Now, when you're Stephen King you can do that. A person can also respect the energy behind that requirement given his personal connection to the story. But every writer needs an editor, especially King the screenwriter. Remember the entirely unnecessary epilogue to "The Stand" remake? He wrote that too.
The seed of "Lisey" was planted after a long hospital stay resulting from a bout of double pneumonia. Upon returning home he discovered his wife Tabitha had redecorated his study and, in the process, packed all of his things in boxes. Seeing his life's work and effects reduced to several cubes gave him a haunting sense of what it would look like after he was actually gone. That makes Owen's Scott Landon his stand-in.
"Lisey's Story" unfurls over two timelines – three, if you count the long, exploratory flashbacks to Scott's abusive childhood, where we meet his long-gone brother and violent father – as well as in this reality and an otherworldly dimension to which Scott travels through water and will.
In the main we ride with Moore's Lisey as she's coming to terms with widowhood following Scott's untimely death. Concurrently we flashback to their courtship and marriage, from the earliest days when he was still an unknown through his success and international stardom.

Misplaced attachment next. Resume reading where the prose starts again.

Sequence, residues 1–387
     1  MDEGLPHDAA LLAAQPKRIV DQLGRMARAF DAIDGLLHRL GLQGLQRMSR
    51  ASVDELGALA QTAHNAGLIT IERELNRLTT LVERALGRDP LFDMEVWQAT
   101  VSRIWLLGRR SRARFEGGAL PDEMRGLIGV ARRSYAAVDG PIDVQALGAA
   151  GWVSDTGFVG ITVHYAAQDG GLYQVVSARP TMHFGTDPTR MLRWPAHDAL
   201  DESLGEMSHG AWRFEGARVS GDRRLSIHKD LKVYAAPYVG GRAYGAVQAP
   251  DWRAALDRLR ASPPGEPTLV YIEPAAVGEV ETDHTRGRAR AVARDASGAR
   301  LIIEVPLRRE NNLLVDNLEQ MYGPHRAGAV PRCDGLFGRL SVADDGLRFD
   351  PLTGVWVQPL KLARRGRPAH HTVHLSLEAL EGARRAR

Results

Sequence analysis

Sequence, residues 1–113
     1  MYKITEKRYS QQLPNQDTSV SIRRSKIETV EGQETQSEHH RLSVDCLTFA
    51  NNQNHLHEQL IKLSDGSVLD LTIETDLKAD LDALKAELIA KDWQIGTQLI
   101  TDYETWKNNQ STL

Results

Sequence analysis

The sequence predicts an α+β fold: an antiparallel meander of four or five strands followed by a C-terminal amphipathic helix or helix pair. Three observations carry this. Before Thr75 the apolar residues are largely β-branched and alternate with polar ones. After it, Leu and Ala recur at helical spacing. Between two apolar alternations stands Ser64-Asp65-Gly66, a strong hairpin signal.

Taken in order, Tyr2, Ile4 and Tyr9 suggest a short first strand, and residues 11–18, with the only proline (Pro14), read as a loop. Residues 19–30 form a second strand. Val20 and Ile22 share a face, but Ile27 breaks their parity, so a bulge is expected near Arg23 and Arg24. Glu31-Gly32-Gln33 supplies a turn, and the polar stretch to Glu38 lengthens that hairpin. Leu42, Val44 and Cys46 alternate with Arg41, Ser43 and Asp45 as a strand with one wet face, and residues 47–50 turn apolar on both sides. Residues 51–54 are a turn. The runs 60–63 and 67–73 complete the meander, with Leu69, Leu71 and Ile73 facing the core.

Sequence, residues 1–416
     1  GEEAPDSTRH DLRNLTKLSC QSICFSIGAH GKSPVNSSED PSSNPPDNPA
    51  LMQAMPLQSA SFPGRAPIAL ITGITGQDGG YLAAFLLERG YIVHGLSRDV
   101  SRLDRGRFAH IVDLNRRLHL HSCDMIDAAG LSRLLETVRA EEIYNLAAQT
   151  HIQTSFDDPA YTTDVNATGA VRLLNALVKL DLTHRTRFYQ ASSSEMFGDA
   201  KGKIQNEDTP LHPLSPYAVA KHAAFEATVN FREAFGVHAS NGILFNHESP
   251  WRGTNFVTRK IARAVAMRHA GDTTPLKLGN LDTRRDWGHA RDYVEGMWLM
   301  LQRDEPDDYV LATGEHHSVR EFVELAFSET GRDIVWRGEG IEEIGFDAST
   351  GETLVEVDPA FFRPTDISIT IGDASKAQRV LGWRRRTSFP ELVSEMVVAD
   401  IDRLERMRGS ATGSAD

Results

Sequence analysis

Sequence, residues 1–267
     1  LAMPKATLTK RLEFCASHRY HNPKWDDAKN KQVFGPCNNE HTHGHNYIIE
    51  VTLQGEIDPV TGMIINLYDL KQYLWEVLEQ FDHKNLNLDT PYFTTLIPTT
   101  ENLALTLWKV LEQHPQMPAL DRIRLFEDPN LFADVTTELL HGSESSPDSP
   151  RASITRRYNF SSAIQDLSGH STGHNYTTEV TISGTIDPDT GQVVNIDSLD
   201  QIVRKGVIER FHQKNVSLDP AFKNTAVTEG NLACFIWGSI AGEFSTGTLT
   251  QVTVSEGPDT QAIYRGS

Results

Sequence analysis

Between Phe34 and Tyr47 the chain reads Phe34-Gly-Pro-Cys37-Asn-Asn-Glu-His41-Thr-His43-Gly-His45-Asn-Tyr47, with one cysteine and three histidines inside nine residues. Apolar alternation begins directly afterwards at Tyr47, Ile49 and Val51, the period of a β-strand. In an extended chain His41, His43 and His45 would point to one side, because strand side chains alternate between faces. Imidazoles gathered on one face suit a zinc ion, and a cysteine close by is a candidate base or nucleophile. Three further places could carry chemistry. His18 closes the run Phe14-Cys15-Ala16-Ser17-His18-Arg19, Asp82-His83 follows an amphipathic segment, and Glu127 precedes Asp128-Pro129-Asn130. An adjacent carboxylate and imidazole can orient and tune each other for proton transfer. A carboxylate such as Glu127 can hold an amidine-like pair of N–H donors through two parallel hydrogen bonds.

Owen and Moore don't exactly heat up the screen together, but Moore makes Lisey's reaction to Scott's strange bouts of cutting and bizarre explanations believable in the way one comprehends codependency.
In the present Lisey sorts the pain of her loss through a game of sorts that Scott leaves for her called a "Bool Hunt," kind of a scavenger stroll from clue to clue that ends with a prize. What is a bool? It could be a wonderful treasure or entirely wrecking.
Discovering what lies in store for Lisey is delayed and complicated when a local professor (Ron Cephas Jones) darkly insists she hand over Scott's unpublished work to his university and, for reasons no sane person can fathom, enlists DeHaan's Jim, a Landon superfan (!) who he finds on the Internet (!!) to scare her into compliance.